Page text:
If today’s XML data usage trend were made into a science-fiction movie, XML could star as the new “Blob.” But instead of aiming to destroy a large city, this XML blob aims to engulf the world’s corporate networks and smother everything in its path.

While reality doesn’t make for such dramatic cinema, the XML creep into the enterprise can’t be dismissed. In response, CIOs need to know how to deal with this new type of data so that handling it and carrying it over corporate networks doesn’t result in a significant drop in performance.

The reasons for special treatment
Two aspects of XML data are prompting tech managers to consider giving XML data special treatment.

The first is that the amount of XML data is about to increase rapidly. Three broad business application areas are driving XML usage, according to Gartner research: enterprise application integration, the interchange of data with partners (what some call business-to-business interchange), and Web services.

All three of these areas are growing in popularity, and all three make heavy use of XML data. Gartner predicts that the amount of XML data in corporations will grow from about 2 percent in 2000 to 60 percent by 2004.

The second aspect is that data stored in XML format is typically larger in pure bytes than the same data stored in other database formats, such as flat files or a relational database management system (RDBMS) format. That’s because XML data typically includes both the raw data and metadata, which describes the data.

The difference in file sizes can be quite significant, according to experts. Web services consulting firm ZapThink LLC says that 1 GB of traditional database information could expand to as much as 20 GB when all of the XML coding and descriptors are added.

“With XML, no matter how small the [payload data], you have fixed overhead,” explained Charlie McCallan, VP of product management at BoostWorks Inc., a Web acceleration software vendor. “A message with a 5-byte payload might have 300 bytes of [XML] description,” said McCallan.

The XML impact
The growing use of XML in corporations and the resulting increase in data pose significant consequences for an organization’s infrastructure.

“Because of XML’s verbose nature, the handling of XML data will strain application servers,” explained Danny Briere, CEO of the consultancy TeleChoice Inc.

Since XML data often needs to be extracted, parsed, and frequently transformed into other formats like HTML, it can cause a significant drain on CPU cycles from an applications server.

That was the case at Hemscott LLC, a UK financial information business whose customers include European financial service firms, public companies, and investors. The company provides customized business research through a financial portal that gets over 13 million Web page views each month.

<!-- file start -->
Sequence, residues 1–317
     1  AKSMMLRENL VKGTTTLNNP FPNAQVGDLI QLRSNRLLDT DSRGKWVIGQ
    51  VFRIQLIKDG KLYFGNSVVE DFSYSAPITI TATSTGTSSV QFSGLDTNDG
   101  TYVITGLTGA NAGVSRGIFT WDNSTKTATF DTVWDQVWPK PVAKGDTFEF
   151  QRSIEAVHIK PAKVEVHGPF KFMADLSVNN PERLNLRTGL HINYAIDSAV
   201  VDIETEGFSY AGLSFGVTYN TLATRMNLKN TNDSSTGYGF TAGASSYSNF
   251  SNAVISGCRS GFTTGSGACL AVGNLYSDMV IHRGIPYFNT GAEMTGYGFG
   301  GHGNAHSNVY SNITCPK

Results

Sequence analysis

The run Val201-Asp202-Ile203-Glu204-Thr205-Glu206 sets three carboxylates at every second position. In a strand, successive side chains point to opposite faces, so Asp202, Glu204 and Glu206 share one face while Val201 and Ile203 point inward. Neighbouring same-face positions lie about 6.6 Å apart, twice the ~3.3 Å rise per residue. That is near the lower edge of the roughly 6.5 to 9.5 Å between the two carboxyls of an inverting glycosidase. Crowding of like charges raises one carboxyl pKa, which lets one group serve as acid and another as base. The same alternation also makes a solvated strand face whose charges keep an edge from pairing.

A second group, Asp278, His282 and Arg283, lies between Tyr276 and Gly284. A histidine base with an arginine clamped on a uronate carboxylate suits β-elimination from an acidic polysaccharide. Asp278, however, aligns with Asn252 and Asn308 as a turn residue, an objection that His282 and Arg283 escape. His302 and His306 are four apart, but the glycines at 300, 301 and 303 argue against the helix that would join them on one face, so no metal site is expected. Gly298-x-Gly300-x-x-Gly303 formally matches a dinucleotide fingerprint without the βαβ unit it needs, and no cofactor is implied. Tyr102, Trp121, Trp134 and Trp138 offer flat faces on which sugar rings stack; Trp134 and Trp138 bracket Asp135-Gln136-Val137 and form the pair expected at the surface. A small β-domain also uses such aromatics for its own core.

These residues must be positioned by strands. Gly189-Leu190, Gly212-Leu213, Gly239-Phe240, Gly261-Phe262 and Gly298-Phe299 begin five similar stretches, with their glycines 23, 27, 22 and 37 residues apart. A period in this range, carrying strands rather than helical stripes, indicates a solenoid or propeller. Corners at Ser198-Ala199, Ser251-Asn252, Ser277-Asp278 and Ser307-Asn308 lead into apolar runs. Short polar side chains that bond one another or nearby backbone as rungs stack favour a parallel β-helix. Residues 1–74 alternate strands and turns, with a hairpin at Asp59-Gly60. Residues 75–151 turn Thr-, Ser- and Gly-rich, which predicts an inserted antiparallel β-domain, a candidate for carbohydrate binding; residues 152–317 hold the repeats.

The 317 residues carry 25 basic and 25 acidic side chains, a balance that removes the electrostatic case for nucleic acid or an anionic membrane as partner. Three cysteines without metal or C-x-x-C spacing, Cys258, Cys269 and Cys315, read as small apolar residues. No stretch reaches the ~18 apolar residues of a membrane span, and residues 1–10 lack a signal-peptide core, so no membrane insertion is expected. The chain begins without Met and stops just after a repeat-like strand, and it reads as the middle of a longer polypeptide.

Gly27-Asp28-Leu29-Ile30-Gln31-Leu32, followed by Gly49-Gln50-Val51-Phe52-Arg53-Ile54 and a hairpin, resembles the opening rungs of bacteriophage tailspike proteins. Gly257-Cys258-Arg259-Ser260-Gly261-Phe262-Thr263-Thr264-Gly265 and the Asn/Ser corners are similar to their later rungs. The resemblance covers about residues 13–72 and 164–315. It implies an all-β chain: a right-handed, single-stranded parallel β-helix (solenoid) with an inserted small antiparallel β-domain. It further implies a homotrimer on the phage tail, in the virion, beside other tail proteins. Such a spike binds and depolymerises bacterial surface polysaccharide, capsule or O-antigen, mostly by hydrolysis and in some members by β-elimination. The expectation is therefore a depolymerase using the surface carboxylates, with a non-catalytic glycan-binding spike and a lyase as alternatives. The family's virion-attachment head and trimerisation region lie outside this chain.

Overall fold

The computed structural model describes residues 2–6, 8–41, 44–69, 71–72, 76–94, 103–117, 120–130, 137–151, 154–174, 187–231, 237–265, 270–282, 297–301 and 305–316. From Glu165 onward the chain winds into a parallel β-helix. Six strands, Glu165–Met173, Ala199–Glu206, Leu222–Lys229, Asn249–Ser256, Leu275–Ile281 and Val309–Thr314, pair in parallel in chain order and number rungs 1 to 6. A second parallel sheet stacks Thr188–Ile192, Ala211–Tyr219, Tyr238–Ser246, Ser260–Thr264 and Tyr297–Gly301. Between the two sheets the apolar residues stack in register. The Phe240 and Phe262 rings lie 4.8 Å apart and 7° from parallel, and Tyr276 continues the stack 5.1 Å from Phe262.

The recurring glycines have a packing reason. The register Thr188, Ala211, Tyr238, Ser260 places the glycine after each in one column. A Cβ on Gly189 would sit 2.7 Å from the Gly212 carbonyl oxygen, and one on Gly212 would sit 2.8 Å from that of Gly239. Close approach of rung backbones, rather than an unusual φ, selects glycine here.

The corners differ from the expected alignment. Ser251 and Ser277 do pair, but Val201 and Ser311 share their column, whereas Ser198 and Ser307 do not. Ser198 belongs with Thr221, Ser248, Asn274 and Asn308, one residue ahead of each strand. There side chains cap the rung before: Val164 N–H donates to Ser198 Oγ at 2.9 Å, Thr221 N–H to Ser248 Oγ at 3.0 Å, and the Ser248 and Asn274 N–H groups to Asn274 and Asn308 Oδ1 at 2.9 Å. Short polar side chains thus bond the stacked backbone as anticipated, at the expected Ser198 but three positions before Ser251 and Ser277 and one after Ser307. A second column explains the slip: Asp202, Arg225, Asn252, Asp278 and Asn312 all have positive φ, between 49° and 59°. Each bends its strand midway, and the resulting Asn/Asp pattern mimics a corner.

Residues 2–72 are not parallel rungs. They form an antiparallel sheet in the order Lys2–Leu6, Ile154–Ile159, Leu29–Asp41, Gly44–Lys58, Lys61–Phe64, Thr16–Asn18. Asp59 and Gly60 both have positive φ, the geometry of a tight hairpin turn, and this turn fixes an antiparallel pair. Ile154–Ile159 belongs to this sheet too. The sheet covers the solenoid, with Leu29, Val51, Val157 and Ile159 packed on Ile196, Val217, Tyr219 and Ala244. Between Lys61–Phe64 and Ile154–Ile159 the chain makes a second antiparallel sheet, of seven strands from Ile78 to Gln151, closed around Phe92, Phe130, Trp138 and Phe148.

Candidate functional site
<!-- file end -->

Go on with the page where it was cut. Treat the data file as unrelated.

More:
The site data is stored in XML format and needs to be converted into HTML on the fly, depending on each visitor’s query. The organization went with XML as the database format since it wanted to use the same data for more than one purpose and present the data in a wide range of formats.

That said, the large XML file sizes (about 500 KB per file) meant that the conversion process required to display the data through a client’s browser took considerable time. This slow site load wasn’t acceptable to Hemscott’s customers or its level of customer service.

“We provide a high-end service to demanding clientele,” said Stephen Roche, Hemscott’s CTO. “Speed is an absolute requirement.”

Enter XML accelerators
In the last few months, a new class of product, the XML accelerator, has started to emerge. Similar to the commonly used SSL accelerators, XML accelerators offload XML data-handling tasks from an application server.

The new products come from a variety of vendors and have a wide range of functions.

DataPower Technology’s XA35 XML Accelerator is an appliance that mainly handles XML transformation and conversion tasks.

Sarvega’s XPE 2000 Switch can accelerate XML data as well as intelligently route data based on information within a data stream.

Expand Networks’ Accelerator, which optimizes wide area networking links, improves the performance of Web services applications by handling XML-based SOAP (simple object access protocol) messaging data more efficiently.

To avoid server drain—a potential XML performance issue for Hemscott—Roche installed the DataPower XA35 XML accelerator. The XA35 converted the XML data to HTML format, thus offloading this task from the Web server. The dedicated XML acceleration hardware offered a significant improvement in the conversion time, said the tech leader. Conversions that used to take 20 seconds to perform now take only one second. But keep in mind that such a performance boost is not cheap—pricing for the XA35 starts at $55,000.